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Survival on Screen: Ultimate Survival Alaska Season 1

Survival on Screen is where Shadow Fox takes a look at survival and field craft practices in movies and TV. Some are great, others not so much. We break down what’s happening on screen and what viewers should or shouldn’t take away from the production.

National Geographic’s first season of its adventure series brings us an eclectic set of characters with a variety of skills trekking across the Alaskan wilderness. The beauty of the northernmost state provides a breathtaking canvas for the beginning of an unfortunately short-lived and entertaining reality series.

USA drops 8 adventurers into the Alaskan wild lands with the objective of crossing a stretch of land in 72 hours. Over 10 episodes, the men will cross 3,000 miles of terrain and battle weather, beasts and each other. While it’s not a race by traditional means, being left behind is a real consequence if they don’t make their pickup point in time. The men will cross the land in many ways the same fashion as the explorers before them working for National Geographic.

At the start of each episode, the men divide themselves into teams. Each team works on a different way to get to their destination whether it’s building a raft (or a different variation of a raft), selecting a land route. Each team member has different skills that allows them to help their team survive in the unforgiving environment. For instance, Tyrell Seavy, a fisherman, is able to build a net to catch salmon and provide his comrade with valuable protein. Tyler Johnson, a civil engineer, is able to build a primitive water filter when his team needs hydration. He’s also able to modify boats his team uses to travel on water.

The men only carry what they’ve packed. Their kits have been carefully selected to sustain them throughout the competition. A few carry handguns and rifles for hunting and dealing with bears, while one carries a bow for hunting. One man, Willi Prittie, carries a pressure cooker with him. He says the pressure cooker preserves the nutrients in the food better than traditional cooking.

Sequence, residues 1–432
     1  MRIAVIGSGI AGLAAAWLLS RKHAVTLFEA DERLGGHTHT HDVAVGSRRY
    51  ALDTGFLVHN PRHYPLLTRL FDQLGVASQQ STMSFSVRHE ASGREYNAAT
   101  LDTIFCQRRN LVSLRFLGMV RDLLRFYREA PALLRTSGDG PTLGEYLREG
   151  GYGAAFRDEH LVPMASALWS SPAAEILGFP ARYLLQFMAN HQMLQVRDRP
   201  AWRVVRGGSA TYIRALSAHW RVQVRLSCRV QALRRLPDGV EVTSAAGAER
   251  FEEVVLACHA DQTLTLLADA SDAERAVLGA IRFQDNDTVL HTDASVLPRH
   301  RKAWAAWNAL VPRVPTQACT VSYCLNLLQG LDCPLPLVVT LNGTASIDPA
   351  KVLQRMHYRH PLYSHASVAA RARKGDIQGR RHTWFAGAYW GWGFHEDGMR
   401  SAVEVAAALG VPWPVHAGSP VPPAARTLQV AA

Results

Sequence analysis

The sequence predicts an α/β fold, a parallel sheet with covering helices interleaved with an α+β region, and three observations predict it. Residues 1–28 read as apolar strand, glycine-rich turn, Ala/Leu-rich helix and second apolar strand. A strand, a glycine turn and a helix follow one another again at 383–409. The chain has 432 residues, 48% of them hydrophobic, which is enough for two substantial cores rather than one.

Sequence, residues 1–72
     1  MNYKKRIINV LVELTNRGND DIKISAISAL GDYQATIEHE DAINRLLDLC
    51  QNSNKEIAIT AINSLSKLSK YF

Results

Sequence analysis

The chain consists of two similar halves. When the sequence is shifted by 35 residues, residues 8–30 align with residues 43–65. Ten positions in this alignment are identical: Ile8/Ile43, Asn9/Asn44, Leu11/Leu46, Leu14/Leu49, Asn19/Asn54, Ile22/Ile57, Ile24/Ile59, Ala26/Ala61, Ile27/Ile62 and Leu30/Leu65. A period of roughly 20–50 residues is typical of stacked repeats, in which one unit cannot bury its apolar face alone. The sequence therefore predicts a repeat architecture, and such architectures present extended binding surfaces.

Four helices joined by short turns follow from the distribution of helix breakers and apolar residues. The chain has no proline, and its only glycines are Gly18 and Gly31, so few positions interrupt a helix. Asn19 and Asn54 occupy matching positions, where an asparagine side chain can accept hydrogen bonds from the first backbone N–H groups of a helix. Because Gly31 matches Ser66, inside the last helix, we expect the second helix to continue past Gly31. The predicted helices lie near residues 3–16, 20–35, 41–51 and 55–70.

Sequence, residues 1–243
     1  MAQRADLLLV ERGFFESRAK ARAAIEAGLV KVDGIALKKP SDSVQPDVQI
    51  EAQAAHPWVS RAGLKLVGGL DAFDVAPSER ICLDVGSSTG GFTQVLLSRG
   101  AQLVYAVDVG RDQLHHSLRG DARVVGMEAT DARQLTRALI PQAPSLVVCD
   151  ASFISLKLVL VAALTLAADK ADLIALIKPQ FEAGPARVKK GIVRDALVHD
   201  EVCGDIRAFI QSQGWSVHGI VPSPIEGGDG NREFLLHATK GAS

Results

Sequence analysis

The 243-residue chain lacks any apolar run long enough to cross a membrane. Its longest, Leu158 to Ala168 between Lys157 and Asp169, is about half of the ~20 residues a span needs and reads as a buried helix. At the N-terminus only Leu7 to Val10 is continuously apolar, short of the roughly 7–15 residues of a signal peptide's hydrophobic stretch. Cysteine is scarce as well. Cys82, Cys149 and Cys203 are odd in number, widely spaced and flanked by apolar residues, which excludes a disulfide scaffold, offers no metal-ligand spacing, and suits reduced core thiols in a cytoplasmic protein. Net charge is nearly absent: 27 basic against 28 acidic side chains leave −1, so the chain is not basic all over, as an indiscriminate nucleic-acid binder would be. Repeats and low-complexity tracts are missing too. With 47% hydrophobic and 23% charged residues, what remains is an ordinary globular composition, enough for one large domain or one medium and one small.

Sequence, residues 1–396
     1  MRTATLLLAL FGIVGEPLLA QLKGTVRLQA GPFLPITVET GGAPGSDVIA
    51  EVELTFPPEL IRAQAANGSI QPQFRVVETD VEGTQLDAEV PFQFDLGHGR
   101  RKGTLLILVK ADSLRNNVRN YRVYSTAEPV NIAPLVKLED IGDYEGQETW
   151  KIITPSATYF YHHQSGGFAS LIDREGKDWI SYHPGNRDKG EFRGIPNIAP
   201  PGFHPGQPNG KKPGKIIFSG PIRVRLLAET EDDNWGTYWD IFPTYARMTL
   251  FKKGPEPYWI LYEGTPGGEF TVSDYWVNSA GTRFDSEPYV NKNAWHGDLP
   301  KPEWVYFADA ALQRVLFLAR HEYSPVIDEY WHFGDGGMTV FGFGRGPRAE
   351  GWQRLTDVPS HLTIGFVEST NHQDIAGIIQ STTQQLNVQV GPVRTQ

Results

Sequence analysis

Food is constant struggle in the competition. Each team has a ration of rice and beans, but that will only get you so far. The men must hunt and forage for their meals and compete with the animals that are doing the same thing. Most of all, they must rely on their resilience and wits to finish each leg of the race.

There’s a lot of adrenaline to go around as the men brave roaring rapids and gut wrenching rappels. The men are constantly at odds with bears, and every encounter causes them to double take after seeing the massive predators. There are moments when the men are dangerously close to hypothermia. Mistakes can lead to injuries and even loss of valuable equipment.

As hard as it is to move through the wilderness, staying in place is just as difficult. The men must make their own shelters each night to keep themselves warm, dry and safe from animals.

Ultimate Survival Alaska’s first season is an entertaining and insightful show. Watching each member show off their own individual skills can give new ideas on how to modify your own methods of survival. Most of all, it’s inspiring. The Alaskan wilderness never ceases to amaze the eyes, and every episode leaves you looking toward your pack and boots, plotting your next adventure.

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Rick Lindfors

Rick Lindfors

Rick Lindfors joined the Shadow Fox team in June 2015. He is a member of Eugene Mountain Rescue, a specialized team in the Lane County Sheriff’s Office Search and Rescue Program. Rick also spent several years as a professional snowboard instructor and was a captain of the University of Oregon Freestyle Ski and Snowboard Team.

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